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Bears Playbook - Shea McClellin Versus the Run

Two weeks into the preseason, and Shea McClellin looks to have taken that next step as a pass rusher. How has he fared against the run? Let's look at the good and discuss the bad.


If last year's draft didn't send the message, Phil Emery's 2013 picks certainly did: the former strength and conditioning coach places a high value on athleticism.  Both of his first round picks - Shea McClellin and Kyle Long - fit the same "freak athlete, unfinished development" mold. The good news for Bears fans is that both look to be on their way to posting strong 2013 performances.

Shea has gotten a bit more muscular over the off-season, but I don't think he'll ever be the kind of defensive end who is going to push an offensive tackle into his quarterback's lap. The Bears didn't draft McClellin with that role in mind, however:in a Tampa 2 defense, that role is reserved more for the defensive interior and the nose tackle in particular.

What a Tampa 2 defensive end needs is an ability to quickly disrupt the offensive backfield in the pass game and an ability to lock down his edge in the run game.  We saw a flash of Shea's ability to do the former when he came flying into the Chargers' backfield and hit Philip Rivers with enough force to knock the QB one way and the ball another.  If McClellin can do that eight to ten times in the regular season, he will have more than earned his keep as a pass rusher.

As far as his development in the run game, it was more of a mixed bag. There were a couple of plays that McClellin was blocked out of the play - bad.  There were other plays, however, where he was able to get enough push on his block that he fulfilled the duties assigned to him.  Let's take a look at one of those first.

First and ten, and the Chargers were looking to pound the ball up the middle.  When the Bears run their base Cover 2, it is the job of at least one defensive end to have edge contain.  In other words, the end's job is to make sure everything stays to the inside of him, where there are six or more defenders ready to clean up the mess.  Shea did that job perfectly, getting around the block at just the right time to foreclose any chance that RB Ryan Matthews could make a cutback and hit the left edge:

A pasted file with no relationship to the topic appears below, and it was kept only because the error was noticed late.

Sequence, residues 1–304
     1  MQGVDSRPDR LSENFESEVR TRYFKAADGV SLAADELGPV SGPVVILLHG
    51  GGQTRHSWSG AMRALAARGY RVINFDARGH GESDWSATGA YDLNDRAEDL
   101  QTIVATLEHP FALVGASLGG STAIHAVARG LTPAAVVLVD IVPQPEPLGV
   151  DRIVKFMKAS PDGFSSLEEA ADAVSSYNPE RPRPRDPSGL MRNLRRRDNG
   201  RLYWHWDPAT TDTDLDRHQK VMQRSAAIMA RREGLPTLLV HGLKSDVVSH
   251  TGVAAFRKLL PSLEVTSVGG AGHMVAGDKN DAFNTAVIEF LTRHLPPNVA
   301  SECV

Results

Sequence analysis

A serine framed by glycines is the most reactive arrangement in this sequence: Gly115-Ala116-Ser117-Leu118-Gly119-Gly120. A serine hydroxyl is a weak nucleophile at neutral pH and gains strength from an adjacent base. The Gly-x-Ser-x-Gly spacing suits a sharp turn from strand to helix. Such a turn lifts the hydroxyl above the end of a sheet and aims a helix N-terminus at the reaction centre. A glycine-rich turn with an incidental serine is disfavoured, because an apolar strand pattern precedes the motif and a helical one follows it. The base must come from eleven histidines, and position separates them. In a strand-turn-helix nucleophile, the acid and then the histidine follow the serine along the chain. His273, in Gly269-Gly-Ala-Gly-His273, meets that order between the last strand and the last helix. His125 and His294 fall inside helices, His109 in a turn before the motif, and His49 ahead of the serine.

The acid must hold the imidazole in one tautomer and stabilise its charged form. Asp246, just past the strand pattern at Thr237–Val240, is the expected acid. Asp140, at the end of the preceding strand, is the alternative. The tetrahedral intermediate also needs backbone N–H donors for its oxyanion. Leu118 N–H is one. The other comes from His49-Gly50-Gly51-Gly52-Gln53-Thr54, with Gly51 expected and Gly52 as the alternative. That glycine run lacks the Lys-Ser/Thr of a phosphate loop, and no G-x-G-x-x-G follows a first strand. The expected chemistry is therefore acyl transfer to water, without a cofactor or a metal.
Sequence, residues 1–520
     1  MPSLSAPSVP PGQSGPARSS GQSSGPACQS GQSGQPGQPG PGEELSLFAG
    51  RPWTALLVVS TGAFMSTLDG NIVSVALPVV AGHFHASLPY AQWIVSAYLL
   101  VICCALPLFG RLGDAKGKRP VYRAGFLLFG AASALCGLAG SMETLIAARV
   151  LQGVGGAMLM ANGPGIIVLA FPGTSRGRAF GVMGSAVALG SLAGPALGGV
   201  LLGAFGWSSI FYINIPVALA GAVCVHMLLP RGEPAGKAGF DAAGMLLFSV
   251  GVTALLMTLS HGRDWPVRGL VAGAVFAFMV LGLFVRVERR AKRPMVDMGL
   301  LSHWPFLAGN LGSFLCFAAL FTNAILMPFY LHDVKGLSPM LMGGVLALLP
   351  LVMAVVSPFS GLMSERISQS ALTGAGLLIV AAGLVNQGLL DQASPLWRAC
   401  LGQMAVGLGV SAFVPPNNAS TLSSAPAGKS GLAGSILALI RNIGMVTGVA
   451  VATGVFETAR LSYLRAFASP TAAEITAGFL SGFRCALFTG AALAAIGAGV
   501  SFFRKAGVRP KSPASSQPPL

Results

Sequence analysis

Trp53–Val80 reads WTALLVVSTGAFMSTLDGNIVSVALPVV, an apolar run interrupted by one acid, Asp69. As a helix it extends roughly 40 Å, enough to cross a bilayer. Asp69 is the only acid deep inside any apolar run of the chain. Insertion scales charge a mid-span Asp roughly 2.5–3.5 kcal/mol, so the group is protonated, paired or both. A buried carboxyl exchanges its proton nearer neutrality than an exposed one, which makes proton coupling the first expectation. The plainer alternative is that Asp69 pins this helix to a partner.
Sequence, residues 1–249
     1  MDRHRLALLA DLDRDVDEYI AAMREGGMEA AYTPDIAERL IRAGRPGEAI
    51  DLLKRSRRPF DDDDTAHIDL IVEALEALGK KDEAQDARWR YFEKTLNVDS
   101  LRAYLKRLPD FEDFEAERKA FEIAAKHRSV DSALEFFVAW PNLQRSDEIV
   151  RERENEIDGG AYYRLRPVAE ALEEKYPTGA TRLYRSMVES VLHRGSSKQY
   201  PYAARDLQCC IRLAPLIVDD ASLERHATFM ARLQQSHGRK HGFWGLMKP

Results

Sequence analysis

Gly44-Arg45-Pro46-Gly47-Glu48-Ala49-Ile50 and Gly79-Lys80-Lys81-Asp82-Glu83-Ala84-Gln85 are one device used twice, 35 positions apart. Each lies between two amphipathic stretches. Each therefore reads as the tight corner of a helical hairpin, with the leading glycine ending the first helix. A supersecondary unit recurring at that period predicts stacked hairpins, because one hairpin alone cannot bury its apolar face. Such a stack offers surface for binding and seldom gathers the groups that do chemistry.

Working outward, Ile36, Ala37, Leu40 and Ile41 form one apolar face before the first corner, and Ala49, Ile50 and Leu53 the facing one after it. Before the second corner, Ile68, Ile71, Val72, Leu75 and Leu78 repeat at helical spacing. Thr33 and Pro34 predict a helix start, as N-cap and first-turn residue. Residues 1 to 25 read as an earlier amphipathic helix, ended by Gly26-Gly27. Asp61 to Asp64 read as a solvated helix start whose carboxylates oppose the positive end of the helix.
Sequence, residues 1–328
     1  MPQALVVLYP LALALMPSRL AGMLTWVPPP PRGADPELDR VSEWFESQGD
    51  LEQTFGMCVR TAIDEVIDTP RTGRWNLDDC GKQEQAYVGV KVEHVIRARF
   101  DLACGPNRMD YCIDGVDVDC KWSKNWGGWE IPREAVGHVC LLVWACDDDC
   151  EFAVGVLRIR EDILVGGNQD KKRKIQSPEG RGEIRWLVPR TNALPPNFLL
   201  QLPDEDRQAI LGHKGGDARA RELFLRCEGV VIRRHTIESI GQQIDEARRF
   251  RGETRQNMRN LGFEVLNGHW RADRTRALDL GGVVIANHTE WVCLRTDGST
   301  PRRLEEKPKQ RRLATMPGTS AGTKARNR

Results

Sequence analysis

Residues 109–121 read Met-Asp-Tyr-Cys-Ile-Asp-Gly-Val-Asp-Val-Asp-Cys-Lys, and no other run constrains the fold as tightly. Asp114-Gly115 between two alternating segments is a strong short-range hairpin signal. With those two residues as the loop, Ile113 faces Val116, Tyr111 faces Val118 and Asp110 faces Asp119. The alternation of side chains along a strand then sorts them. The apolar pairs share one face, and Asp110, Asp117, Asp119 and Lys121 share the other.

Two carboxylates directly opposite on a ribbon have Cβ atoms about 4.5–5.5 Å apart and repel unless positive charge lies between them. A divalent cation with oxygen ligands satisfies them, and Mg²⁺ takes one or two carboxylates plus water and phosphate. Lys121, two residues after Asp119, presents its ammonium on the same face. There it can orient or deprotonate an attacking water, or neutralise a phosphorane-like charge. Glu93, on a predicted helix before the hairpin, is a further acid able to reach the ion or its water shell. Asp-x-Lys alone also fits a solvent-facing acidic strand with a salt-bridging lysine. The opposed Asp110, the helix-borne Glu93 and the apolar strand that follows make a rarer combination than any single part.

Your first thought after looking at this one might be that Shea could have gone to the inside of the Chargers tackle and disrupted the play, but if Shea does that, Matthews would have had cut left and found a whole lot of open grass.  If McClellin was a beast on the order of a Julius Peppers, he might have gotten a better push on the offensive tackle and slowed Matthews up at the mesh point, but Shea does not need to be a mauler to be major contributor in this defense.

The reason McClellin doesn't need to have that huge push to succeed is a product of his quick acceleration at the snap. Assign someone else to contain the edge, and McClellin can play more like the 3-4 outside linebacker he was projected at by some scouts: he can read, react, and wreck the play. That's precisely what happened on this next one.


Here, Mel Tucker brought down safety Major Wright on a late-developing blitz, which proved to be the perfect defense against the Chargers inside run.  With Wright keeping Matthews inside, McClellin showcased an ability to evade blocks and get to the point of attack. Shea arrives at the hole at the same time as both Matthews and Wright, and the two Bears were able to drag the Charger down for only a small gain.

I'm not sure if Shea McClellin will ever develop into a pure-power defensive end, but I don't want to judge the square peg by how well it fits in the round hole. McClellin doesn't need to be the kind of defensive linesman who bowls over offensive linesmen on his way into the backfield: he needs to hold his ground on the edge and go stride for stride with a back when the play call allows it.  If he continues to show improvements in his ability to defeat blocks and keeps using his speed as his greatest weapon, he will be everything Emery could have hoped for.

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